Sam Cheswick, manufacturer of mixed pickles – Hannes Brock
Roxy, his niece – Emily Newton
Bobby, her betrothed – Fritz Steinbacher
Gjurka, team captain – Lucian Krasznec
Hatschek, goalkeeper – Jens Janke
Baron Szatmary – Frank Voß
Aranka von Tötössy – Johanna Schoppa
Ilka – Tina Podstawa
Football team – Mario Ahlborn, Christian Pienaar, Carl Kaiser, Min Lee, Ian Sidden, Rupert Preißler, Robert Schmelcher, Till Nau, Nico Schweers, Nico Stank, Frank Wöhrman
Boarding-school girls – Yael de Vries, Veronika Enders, Janina Moser, Maren Kristin Kern, Johanna Mucha, Nicole Eckenigk
Manager/Priest – Thomas Günzler
Opera Chorus & Statisterie of Theater Dortmund
Conductor – Philipp Armbruster
Director – Thomas Enzinger
Designer – Toto
Choreography – Ramesh Nair
Dramaturge – Wiebke Hetmanek
|Emily Newton as Roxy with her team.|
Photo: Thomas Jauk, Stage Picture
Paul Abraham was the toast of Austro-German operetta in the 1920s and 30s, first making his name in Berlin with works such as Ball am Savoy and Die Blume von Hawaii, escaping to Vienna when the Nazi grip took hold in Germany and fleeing to Paris, Cuba and lastly the USA with the Anschluss (he died in Hamburg in 1960). In some ways his music had emigrated before him, since his work is characterised by that fascinating morph of Viennese operetta into Broadway/Hollywood musical and alongside a paeon to Hungary that could have escaped from Lehár (Abraham was also Magyar-born) there’s every suggestion that he knew and absorbed the 1933 movie of 42nd Street in his big choral and dance numbers.
Roxy and Her Wonderteam, premiered at the Theater an der Wien in Vienna in 1937, was one of Abraham’s last European successes and was swiftly made into a film before being abandoned to history. It combines the dreamy nostalgia for the old empire with the craze for jazz and musical Americana. In this context, and as the work of a Jewish composer, it is hardly surprising that it swiftly fell from grace. For this German premiere production by Theater Dortmund, the score had to be reconstructed from various slim sources, including the film soundtrack and orchestral parts.
As with so many of these kinds of works, the story is slight: Roxy, niece of a mixed pickles manufacturer, stows away with the Hungarian football team, returning from a disastrous defeat against Scotland in London. Escaping, in full wedding dress, from her marriage to the wimpy Bobby, she is adopted by the Hungarians as their mascot and, of course, falls for their leading player and inspires the team to triumph. The operetta tapped into the contemporary craze for football in Vienna, and indeed one of the city’s leading stars appeared in the film version. In this context, the home city of Borussia Dortmund seemed an appropriate place for its revival.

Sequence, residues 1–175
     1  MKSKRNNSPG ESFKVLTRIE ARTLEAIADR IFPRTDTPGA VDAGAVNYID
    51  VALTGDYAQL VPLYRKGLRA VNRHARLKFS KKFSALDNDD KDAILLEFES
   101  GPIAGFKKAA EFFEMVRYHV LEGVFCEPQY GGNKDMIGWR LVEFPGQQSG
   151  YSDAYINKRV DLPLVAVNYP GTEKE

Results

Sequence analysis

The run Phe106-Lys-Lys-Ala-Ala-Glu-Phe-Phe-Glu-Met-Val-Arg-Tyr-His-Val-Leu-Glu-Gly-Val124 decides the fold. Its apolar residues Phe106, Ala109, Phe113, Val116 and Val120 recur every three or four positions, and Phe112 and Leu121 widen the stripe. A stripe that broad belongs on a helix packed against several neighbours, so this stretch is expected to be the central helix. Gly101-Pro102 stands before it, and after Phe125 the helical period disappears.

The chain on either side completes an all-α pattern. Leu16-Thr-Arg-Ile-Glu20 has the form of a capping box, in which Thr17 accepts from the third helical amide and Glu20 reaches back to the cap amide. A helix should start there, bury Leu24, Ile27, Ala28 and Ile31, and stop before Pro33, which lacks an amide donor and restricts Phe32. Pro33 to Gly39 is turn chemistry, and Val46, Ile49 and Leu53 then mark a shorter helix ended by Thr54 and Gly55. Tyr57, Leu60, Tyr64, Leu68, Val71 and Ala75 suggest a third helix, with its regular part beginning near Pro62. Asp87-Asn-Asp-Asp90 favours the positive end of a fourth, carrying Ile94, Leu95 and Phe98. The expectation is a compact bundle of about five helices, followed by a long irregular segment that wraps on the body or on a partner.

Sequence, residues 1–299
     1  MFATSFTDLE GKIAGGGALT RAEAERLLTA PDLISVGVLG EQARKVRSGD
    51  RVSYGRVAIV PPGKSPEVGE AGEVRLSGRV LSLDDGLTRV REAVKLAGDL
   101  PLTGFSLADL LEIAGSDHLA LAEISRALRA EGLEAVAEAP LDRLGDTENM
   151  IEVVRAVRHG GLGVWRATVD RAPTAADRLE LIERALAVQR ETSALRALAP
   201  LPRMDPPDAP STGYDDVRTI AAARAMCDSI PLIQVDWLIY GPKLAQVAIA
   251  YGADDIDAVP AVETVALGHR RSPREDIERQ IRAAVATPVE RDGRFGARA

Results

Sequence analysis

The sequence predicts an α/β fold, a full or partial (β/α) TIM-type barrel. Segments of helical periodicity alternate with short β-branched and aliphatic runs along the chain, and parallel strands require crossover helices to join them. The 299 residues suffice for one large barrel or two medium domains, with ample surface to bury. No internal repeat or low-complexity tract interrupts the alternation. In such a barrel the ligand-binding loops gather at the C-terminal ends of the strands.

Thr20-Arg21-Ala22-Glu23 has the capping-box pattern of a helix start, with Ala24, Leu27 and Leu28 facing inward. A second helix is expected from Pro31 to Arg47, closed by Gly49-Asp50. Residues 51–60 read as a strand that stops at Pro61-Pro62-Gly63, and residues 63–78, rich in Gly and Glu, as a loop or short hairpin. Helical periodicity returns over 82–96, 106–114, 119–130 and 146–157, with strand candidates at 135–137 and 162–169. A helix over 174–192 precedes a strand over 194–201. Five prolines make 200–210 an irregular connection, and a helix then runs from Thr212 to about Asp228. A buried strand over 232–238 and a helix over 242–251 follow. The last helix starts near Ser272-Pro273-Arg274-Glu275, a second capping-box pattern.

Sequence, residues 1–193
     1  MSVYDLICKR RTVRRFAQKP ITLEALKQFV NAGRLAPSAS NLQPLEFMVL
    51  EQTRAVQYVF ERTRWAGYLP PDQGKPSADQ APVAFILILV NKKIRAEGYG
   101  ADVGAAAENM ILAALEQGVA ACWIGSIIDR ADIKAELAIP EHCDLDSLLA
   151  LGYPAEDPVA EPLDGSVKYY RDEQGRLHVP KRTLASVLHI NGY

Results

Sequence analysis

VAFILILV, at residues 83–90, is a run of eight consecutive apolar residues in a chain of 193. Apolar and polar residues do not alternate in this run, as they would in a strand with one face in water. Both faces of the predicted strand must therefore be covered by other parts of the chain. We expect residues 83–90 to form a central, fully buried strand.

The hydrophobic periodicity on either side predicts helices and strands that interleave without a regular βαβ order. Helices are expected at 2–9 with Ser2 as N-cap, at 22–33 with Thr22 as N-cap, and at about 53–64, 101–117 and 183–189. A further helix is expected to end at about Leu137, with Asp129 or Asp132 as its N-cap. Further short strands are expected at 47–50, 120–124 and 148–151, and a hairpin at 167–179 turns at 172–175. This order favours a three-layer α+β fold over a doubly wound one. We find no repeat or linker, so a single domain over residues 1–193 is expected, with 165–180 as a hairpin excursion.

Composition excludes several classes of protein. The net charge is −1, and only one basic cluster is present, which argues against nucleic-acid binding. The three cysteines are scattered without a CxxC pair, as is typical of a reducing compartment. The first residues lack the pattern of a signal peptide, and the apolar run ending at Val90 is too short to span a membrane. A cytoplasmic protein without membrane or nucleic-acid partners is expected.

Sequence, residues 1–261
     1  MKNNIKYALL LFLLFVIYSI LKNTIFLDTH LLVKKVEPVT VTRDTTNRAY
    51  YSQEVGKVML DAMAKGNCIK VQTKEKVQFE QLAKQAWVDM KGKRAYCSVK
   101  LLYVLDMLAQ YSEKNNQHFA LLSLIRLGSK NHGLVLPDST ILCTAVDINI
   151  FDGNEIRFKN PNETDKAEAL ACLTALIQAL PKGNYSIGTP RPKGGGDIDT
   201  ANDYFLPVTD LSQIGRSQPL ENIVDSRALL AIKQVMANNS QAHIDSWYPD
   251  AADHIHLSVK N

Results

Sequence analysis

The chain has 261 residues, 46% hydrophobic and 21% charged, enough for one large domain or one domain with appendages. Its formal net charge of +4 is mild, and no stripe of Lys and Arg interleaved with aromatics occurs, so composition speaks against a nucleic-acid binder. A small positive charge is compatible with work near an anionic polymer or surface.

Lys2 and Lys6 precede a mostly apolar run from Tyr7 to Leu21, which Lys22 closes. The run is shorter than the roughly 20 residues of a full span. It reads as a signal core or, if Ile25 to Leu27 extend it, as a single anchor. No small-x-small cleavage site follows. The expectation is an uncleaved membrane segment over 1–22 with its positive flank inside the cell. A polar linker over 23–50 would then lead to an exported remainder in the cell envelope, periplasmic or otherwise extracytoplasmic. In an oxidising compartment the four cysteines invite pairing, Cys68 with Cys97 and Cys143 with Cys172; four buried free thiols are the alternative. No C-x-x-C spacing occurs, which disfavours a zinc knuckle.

Theater Dortmund is one of those German houses that happily stages Wagner one night, Lloyd Webber the next, so is set up to provide any kind of casting requirement from Heldentenor to singer–dancers. Roxy was led be Emily Newton, a Texan soprano who created the title role in Turnage’s Anna Nicole in its German premiere in Dortmund in 2013 and has most recently sung Beethoven’s Leonore in Aachen. So an artist of great flexibility, who had the required stage presence, physical nimbleness and tonal allure for the lead role here. Her dancing (including tap routines) and vocal timing gelled imperceptibly with the experienced song-and-dance crew of the Hungarian football team, led by Jens Janke’s fleet-footed goalie. One could forgive the inevitable Scottish stereotypes for the red-headed, kilted Sam Cheswick of Hannes Brock and Fritz Steinbacher’s wonderfully over-the-top ever-wining Bobby, for they gave winning performances, matched by the suave tenor of Lucian Krasznec as the team captain and trainer Gjurka Karoly and the ebullient Aranka von Tötössy of Johanna Schoppa.
The Dortmund Philharmonic brought plenty of verve to the jazzy numbers under 2nd Kapellmeister Philipp Armbruster, though the depth of the pit meant that, at least from the centre stalls, the orchestral band sound had difficulty carrying with full clarity and impact into the auditorium.
The staging by director Thomas Enzinger and designer Toto proved effective for the revue-like style of the plotting, allowing for easy changes of scene and practical contexts for both intimate scenes and crowds. Whether the project revealed a long-lost masterpiece is a debatable point, but it did show that there’s mileage in resuscitating more of Abraham’s large body of work – as much a victim of the Nazis’ Entartete Musik crackdown as more serious repertoire. Roxy certainly made for an entertaining Sunday afternoon diversion, even if its numbers don’t tend to linger in the memory.